A different dosage of medicine is needed for every prescription. While programs, pumps and calculators actually do the math, nurses must be able to calculate without using them. These items may not always be available, such as when there is no electricity. Nurses must be able to do calculations without errors to ensure the safety of patients. Concentrating on a few essential math skills allows nurses to be successful in giving the right amount of medicine to patient’s. Conversions are essential and nurses should know how to do them, particularly those involving the metric system. Metric is the measurement system used in medical settings. Nurses need to be able to convert from one system of measurement to another, such as from the metric system to the English system and vice versa. All of nursing math consists of a few basic skills. Nurses must be able to add, subtract, multiply and divide decimals, fractions and whole numbers. Other important basic math skills for nurses include converting decimals to percentages, percents to decimals, fractions as well as knowing how to solve ratio and proportion problems. Decimal placement is very important in drug dosage calculations. Wrong placement could result in an overdose 10 times the normal dosage. Understanding Roman numerals and knowing how to convert them to regular numbers is also essential. Nurses need to do dosage calculations when a drug is in tablets, but the order is in milligrams (mg). A drug could also be only available in a certain amount, but ordered in a different one. The nurse must be able to calculate the right amount to give to the patient in this case, four tablets. Sometimes nurses must calculate drug dosages according to body weight when administering medication to children. Nurses need a solid understanding of basic math concepts in order to safely calculate medication dosages before administering medicine to their patients. In many cases, nurses are also responsible for instructing patients and their families on how to measure medications that will be taken at home. Whether calculating medication dosages and IV infusion drip rates, measuring intake and output of fluids or converting weights to metric units, a nurse must demonstrate the ability to use algebraic concepts.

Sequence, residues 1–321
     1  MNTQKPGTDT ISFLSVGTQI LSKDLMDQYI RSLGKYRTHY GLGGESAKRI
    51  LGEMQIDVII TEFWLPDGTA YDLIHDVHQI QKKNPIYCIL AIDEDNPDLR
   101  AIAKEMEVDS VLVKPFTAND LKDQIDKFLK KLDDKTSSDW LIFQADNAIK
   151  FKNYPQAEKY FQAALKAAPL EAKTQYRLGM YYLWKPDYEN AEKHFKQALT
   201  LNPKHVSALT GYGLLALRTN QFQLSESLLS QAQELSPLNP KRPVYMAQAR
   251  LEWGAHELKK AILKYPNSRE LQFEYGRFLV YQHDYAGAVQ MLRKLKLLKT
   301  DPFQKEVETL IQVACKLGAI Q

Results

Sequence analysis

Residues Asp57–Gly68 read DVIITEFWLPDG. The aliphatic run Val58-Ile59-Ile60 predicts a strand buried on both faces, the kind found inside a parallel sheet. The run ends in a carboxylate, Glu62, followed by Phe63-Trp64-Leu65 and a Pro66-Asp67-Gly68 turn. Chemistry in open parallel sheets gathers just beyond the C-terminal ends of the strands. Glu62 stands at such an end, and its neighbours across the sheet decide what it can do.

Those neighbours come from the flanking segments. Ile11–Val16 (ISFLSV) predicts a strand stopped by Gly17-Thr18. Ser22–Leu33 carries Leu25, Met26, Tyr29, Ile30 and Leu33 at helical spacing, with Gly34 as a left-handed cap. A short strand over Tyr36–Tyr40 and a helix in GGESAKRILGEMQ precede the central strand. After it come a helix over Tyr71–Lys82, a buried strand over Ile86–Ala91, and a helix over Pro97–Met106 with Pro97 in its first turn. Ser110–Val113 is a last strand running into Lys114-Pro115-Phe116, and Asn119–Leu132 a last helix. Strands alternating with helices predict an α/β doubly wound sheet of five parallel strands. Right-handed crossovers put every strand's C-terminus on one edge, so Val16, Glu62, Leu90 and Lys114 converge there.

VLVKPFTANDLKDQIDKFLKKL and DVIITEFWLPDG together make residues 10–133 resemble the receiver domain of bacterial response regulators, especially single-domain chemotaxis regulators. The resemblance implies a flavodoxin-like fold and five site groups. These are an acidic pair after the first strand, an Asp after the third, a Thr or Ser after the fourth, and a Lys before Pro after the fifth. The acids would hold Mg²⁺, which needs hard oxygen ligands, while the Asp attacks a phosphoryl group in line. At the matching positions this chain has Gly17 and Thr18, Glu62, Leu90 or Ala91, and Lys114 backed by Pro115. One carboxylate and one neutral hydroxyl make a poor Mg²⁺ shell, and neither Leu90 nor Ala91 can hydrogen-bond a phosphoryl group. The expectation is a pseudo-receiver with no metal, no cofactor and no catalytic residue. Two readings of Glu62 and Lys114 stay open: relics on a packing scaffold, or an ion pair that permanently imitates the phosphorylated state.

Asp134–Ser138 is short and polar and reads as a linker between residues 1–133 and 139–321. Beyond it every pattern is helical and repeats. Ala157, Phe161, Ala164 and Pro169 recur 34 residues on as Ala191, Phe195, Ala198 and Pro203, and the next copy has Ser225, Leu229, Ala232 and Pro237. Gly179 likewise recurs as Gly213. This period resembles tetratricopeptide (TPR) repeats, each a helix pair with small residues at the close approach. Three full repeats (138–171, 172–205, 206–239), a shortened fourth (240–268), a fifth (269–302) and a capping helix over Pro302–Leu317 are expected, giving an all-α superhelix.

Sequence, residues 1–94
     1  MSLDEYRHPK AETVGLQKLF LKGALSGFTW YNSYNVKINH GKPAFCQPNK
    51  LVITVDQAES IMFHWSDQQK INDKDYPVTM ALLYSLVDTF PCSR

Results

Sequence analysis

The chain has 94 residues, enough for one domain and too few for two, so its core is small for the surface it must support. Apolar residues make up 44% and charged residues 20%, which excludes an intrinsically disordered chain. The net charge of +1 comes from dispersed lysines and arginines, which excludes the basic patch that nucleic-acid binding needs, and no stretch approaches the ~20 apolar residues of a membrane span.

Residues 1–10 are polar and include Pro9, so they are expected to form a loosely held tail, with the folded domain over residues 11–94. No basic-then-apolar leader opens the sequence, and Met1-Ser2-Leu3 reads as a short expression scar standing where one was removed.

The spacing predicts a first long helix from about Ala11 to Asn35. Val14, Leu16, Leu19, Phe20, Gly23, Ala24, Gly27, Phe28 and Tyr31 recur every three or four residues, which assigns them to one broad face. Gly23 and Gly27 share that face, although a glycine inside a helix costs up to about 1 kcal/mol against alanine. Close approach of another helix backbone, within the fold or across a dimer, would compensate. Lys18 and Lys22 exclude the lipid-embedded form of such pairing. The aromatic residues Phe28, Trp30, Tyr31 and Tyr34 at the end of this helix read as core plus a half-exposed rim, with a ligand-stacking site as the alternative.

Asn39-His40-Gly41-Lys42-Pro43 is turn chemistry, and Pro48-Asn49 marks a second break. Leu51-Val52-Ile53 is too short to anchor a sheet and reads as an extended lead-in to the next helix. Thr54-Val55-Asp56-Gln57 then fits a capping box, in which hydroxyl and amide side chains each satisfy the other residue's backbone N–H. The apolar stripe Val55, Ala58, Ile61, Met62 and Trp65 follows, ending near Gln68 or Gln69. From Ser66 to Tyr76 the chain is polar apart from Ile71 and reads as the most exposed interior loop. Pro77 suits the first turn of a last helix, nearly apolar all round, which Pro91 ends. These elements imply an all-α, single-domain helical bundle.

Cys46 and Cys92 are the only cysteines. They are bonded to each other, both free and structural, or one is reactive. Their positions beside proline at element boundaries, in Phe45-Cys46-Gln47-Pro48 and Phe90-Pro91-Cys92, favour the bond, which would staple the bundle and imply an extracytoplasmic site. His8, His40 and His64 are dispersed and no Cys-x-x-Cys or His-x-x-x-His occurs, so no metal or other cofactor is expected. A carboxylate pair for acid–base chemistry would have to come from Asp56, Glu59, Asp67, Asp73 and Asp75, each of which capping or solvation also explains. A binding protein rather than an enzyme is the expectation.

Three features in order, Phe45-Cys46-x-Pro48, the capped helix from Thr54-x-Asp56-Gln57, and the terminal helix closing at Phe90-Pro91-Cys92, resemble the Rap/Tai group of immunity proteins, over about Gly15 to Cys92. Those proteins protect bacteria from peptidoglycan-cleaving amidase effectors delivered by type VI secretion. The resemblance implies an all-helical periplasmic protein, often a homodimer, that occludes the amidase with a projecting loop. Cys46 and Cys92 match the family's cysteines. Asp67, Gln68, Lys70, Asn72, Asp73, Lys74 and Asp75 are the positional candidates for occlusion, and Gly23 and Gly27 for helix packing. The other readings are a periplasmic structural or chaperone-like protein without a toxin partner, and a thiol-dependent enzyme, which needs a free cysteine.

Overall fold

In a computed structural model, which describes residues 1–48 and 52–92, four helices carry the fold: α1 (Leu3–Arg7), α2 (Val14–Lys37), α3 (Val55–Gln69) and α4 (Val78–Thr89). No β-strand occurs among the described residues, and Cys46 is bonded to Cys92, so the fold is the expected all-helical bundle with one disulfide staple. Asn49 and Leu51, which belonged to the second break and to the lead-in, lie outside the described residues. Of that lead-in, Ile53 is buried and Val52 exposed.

These concepts include knowledge of ratios, proportions and percents. A broad understanding of the metric system is also needed to calculate the correct amount of medicine to give a patient. To calculate the correct dose of medication, a nurse must consider both the prescribed dosage and drug label information. Correctly calculating dosage strengths is necessary when orally administering tablets, capsules or liquid medications. It’s also needed when administering medications by injection. Giving a patient too little medication usually proves to be ineffective. Administering too much medication can make the patient suffer an overdose. When it comes to administering medications, flow rates, infusion times and infusion volumes must all be considered. Calculation of infusion rates is based on the concentration of a specific drug and volume per unit of time or body weight per unit of time. A nurse may choose to use the ratio and proportion method of calculation or the formula method when calculating the proper dose of a drug to be administered at one time. Dimensional analysis is another calculation method that some nurses find easier to use. The equation is set up beginning with the known factor the dosage of medication to be administered written as a fraction.